books, radio, telephones, cell phones do transmit specific messages), on 
the internet (a medium based on the creation of connection nets), the 
message is the social relationships all these media generate.

All this leads to the role of the user. McLuhan often jested that "If 
the medium is the message, then the user is the content". What he 
implied, I think, is that media were not just support or even 
conditioners of messages, they were prime and foremost environments. The 
medium thus could shape both the content and the user. If the medium 
conditions the message, the user becomes the content of this message, 
and this goes for all the forms of networking. With the extension of the 
Internet, one's position within the flow of information changes: today 
the net allows us to diffuse our thoughts in a global manner; whereas 
before these affirmations were merely an utopia, now one may experiment 
with them as a concrete phenomenon. Once on-line we quite literally 
become content for the Internet.

The structure of the medium also conditions one's perception of one's 
own identity: the fact that one becomes an active lever in the 
distribution and creation of digital contents also determines a change 
in the net structures and in our way of communicating and relating with 
the outside world. People carry an aura of communications around them.
In the case of TV, television images speak directly to the body of the 
viewer. Television addresses one's inner state and the electron beam 
paints its sensorial and emotional dimensions directly unto the viewer's 
nervous system; it is a form of physical action which is conveyed 
through sound and moving images. But with the Internet, we share the 
responsibility of making sense with the technology; we are not just 
consumers of information, but also producers, creators, and our 
production becomes an active part of network dynamics. Just check this 
out on Youtube. Internet is a medium which contains in itself all the 
other media, even as the cellular phone recaps the history of all media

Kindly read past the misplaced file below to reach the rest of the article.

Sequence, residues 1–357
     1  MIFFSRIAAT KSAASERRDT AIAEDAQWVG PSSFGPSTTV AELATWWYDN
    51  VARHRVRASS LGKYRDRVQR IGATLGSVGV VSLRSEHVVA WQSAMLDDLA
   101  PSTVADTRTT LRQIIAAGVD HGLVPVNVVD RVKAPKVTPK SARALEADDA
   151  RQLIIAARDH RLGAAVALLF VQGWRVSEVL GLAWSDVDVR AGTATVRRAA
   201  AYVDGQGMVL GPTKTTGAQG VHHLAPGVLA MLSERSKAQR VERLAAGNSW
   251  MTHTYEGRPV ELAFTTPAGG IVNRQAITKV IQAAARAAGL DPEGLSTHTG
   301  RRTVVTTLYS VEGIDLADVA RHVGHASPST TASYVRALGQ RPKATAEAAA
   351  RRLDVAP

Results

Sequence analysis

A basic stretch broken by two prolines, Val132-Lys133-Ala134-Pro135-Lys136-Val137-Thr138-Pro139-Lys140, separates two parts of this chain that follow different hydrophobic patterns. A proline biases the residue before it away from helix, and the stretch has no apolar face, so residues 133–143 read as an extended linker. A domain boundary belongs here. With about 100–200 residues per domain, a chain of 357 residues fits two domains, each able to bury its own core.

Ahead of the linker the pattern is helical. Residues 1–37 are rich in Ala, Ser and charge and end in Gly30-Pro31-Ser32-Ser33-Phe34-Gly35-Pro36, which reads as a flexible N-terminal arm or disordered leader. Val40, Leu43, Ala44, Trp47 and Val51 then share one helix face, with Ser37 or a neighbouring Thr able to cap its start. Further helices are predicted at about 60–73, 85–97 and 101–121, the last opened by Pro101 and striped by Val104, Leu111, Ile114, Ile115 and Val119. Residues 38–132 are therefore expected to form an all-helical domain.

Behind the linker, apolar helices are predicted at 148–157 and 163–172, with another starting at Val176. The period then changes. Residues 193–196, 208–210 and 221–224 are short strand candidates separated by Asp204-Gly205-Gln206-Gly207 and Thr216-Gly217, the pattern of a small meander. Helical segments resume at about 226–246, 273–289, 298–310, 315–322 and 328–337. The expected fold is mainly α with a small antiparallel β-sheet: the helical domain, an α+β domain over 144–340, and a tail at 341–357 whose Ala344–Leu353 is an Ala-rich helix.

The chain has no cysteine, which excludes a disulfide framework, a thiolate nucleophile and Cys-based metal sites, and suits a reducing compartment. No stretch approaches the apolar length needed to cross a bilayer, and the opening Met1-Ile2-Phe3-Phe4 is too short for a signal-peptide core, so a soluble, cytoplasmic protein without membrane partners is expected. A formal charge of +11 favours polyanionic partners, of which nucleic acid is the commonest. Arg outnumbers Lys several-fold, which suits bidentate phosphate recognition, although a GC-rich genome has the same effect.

by bringing the convergence of speech, writing and electricity to a 
single portable appliance.

With the internet or mobile phones, intended as network platforms, a 
flow of connective information is generated and extended globally and 
our existence, with its own particular inclinations, preferences and 
connections, becomes a lever in the production and reception of 
relationships as well as information.

How does the user become internet content? First, we need to abandon the 
illusion of being containers of information. The user, instead, becomes 
an active producer of this information in such practices as social 
bookmarking [2] or tagging. Social software either for personalized 
encyclopedias such as Del.icio.us <http://del.icio.us>, or for human and 
professional contacts such as Small World <www.asmallworld.net>, or for 
sharing personal media such as Flickr <www.flickr.com> or Youtube 
<www.youtube.com>, are professional and amateur at the same time.
Each innovation augments the strength and the capabilities of the network.

The creation of expanded communities on the basis of common interests, 
in which it is possible to interact with and involve diverse media, is 
something I explain by examining the concept of "hypertinence". This is 
a neologism which I created to describe the progressive precision of the 
rapport between offer and demand (and vice-versa) within the internet 
contents and within the information contexts which are created on the 
internet. An example of hypertinence is the story of the particular 
refinement of search engines and the access of information on the net: 
thus one passes from Yahoo to Google and from Google to Del.icio.us. 
Through these platforms of social networking as Del.icio.us, one moves 
on from Wikipedia, a more or less anonymous albeit genial form of 
collaboration on the net, to the formation of myriads of 
just-in-time-on-line-on demand connective intelligence networks that 
involve diverse individuals sharing their own specific interests.

Here, one gives free access to a personal homepage from which various 
tags branch off, which allow for the organisation of digital elements 
such as photos, text, and videos, which are all under a specific index, 
a key word which may be shared with other people too. At the same time 
these indexes become accessible to anyone who connects to the platform 
and has the intention of exchanging information with a similar content 
to their own. The evolution of the net demonstrates that progressively 
more and more situations are being created whereby the creation and the 
production of knowledge is evermore pertinent and the access of 
information becomes common ground - a process which involves people 
directly, the individual user who refines him or herself periodically 
with the aim to create more harmony with his or her own personal 
preferences.

The structural characteristic of the net is packet switching, through 
which all these processes come about on the net. The technical principle 
supporting packet switching is to fragment each message in tiny 
information packets, before sending them on line and give each one both 
a specific address/identity and a code to indicate the order in which